OGDEN — There’s never a dull moment when one listens to a group of grandpas who gather in the mornings in the dining area of the old Wangsgards store, at 120 N. Washington Blvd., across the street from the new Wangsgards store that took over from Harmons.
The constant fun is probably because the men who are clinging to their old ways even with change happening all around them have decades of experiences on which to draw.
Sitting in a building that is closed down except for the old diner and an Ace Hardware department as it transforms into a new Ridley’s store, the handful of elderly men share stories of bad luck and good luck and lots of jokes in between. They are just one of a few groups that convene there on various days and at set times.
The funny moment Friday, Nov. 13, came when Ed Lubereski of Ogden, who is bald, took a woman’s wig to wear because he knew a Standard-Examiner photographer and reporter were there.
“Edwina is what we’ll call you,” said Wayne Petranovich of Ogden, a fellow diner patron, as he snapped Lubereski’s photo.
And Lubereski explained that he’s quite comfortable in a woman’s wig.
“When I was in Germany in the service, our squadron used to put on all kinds of acts,” he said. “One day, we were coming out of the restroom and a guy thought he was going into the wrong one because he thought a bunch of women were leaving.”
But Ralph Stagge of Ogden, the oldest at 90, joked about Lubereski’s bald head being reminiscent of other well-known older men.
“He’s going to be the next pope,” he said. “He got beat out last time.”
Larry Chantland, of Marriott-Slaterville, brought along a metal detector.
“His wife uses that when he’s down in the basement to make sure he’s there,” said Lubereski, pointing to the metal detector and Chantland.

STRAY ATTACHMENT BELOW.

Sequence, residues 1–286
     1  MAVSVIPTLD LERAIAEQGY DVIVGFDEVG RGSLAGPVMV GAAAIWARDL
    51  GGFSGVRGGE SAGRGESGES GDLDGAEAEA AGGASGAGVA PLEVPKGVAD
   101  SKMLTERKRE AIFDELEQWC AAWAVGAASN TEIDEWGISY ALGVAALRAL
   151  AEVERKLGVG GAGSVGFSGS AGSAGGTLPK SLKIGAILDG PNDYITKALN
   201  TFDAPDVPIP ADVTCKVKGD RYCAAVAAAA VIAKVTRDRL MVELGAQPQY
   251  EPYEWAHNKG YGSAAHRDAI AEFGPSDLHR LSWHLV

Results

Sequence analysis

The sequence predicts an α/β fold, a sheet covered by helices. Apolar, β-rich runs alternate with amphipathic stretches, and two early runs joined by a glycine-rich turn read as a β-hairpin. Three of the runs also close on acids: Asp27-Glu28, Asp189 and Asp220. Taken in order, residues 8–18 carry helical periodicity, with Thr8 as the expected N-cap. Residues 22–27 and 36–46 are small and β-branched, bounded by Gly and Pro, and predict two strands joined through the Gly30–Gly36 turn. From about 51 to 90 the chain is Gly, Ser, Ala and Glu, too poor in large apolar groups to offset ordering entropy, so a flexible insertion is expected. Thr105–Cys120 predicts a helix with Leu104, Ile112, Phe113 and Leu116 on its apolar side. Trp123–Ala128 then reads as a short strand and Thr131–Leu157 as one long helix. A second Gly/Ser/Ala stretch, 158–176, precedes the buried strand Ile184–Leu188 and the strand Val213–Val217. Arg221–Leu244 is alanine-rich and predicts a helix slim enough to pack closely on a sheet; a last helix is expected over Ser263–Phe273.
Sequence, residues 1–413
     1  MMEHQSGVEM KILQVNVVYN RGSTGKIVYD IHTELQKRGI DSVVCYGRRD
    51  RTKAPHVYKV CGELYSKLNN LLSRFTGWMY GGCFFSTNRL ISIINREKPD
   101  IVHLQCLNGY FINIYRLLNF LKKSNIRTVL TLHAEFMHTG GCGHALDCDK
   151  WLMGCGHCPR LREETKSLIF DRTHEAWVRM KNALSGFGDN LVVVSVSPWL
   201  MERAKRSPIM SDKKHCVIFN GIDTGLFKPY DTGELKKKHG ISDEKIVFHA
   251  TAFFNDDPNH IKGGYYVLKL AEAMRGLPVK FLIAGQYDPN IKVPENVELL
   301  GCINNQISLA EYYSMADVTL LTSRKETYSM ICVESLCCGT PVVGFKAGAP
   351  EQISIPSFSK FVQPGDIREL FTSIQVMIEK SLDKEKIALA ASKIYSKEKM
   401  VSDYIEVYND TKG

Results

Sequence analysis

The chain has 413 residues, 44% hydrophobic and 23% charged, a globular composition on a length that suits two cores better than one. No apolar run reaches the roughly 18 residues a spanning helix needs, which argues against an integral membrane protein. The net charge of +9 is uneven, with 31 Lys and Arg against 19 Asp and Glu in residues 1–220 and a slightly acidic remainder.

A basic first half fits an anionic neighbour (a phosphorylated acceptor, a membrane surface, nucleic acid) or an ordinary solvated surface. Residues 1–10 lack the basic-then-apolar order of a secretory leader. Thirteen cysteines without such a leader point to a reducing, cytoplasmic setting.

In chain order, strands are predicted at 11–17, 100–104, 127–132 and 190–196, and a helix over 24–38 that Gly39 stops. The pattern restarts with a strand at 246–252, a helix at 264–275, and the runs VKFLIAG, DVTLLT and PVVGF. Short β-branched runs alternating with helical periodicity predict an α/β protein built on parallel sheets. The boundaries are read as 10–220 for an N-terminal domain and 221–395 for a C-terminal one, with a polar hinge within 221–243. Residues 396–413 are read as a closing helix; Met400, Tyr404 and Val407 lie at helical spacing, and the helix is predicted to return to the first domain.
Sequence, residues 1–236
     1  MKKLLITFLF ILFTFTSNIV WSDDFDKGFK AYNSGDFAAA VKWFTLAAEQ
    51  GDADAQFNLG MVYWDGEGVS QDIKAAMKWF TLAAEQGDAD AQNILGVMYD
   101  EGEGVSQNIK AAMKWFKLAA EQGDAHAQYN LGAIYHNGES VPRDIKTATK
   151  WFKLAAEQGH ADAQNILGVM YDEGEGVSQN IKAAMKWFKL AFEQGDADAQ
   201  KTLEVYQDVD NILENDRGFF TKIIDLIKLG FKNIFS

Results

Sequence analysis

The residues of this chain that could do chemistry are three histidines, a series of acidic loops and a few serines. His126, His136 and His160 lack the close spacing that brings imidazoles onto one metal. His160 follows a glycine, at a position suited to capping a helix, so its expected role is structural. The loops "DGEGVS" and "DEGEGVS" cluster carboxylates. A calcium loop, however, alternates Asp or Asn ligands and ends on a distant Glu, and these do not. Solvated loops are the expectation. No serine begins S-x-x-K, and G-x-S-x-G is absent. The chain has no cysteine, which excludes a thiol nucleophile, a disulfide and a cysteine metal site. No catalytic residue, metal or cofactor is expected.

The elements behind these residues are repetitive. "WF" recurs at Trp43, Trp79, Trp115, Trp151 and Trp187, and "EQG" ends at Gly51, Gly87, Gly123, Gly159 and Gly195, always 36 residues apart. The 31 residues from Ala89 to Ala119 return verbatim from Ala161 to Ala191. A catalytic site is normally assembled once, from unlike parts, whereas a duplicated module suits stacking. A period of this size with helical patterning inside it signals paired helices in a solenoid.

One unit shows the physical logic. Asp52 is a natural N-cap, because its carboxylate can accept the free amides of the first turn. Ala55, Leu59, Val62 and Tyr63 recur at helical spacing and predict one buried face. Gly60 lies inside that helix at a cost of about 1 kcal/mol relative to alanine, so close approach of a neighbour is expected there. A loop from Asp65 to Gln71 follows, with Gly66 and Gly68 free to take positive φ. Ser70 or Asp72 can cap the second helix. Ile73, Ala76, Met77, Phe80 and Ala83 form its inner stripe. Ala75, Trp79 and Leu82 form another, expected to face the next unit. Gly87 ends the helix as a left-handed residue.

The group also jokes about being old.
Stagge said before a waitress recently retired, they reminded her about the 25 or so men, many now dead, who had been there to drink her coffee regularly.
The group members also said there have been times when they heard rumors about people dying and then the person has shown up in the diner, apparently resurrected.
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But Tom Johnson of Ogden, the youngest at 73, said the discussions can be as serious as they are comical at times.
“We solve the problems of the world every day,” he said.
Clark Rose of North Ogden pointed to such dining groups as a way of life. Preparing to move to St. George for the winter, he said he joins some other groups while he is there.
“They have these little groups of old men all the way up and down the Wasatch Front,” he said. “But they change because some of them die.”
He said in a group in St. George, one time three of them died in a week.
But those elderly men who gather don’t seem to let any thoughts of death shatter their spirits.
The men can tell much of the history of the Wangsgards store by their recollection of their morning rituals over time.
Their first store memory was the version of Wangsgards and Bakery that opened in 1959 across the street, they said. Then, they migrated to the diner’s current location after it was bought out by a man who started at Wangsgards as a bag boy, they said.
Now, Wangsgards has gone back across the street as they stay behind to converse.
Arriving later, Dennis Spires of North Ogden was told by the group in a joking way that the prayer and the opening talk had already been given.
Spires said he remembers sitting in the diner on Sept. 11, 2001 when his phone rang twice as relatives told him about the two planes that flew into the World Trade Center towers.
He said Ralph Kunz — who he referred to as the unofficial mayor of Second Street because he owned a gas station there and knew everyone — made an announcement about the world-changing nature of the moment.
“Boys, you better get your uniforms on,” he remembers him saying. “We’re going to war.”
Spires said: “I never thought I’d see time stop, but it did that day.”
But then Spires also reflected on time marching forward.
“There have been quite a lot of stories gone through this place, I tell you,” Spires said.
“Most of them were the truth too,” Johnson said.
And it’s not just the old men who can’t seem to leave the old diner.
Delaine Burton, who everyone calls Dee, has been a cook there for 37 years.
“I just like the customers,” she said. “This is the only place I have ever worked.”
Even though she’s 65, Burton said the thought of retiring doesn’t sit well with her. She said the customers all like her and they tell her how much they like her cooking.
“They would all feel bad if I quit,” she said. “I would miss them so much. I could come in and visit but it wouldn’t be the same.”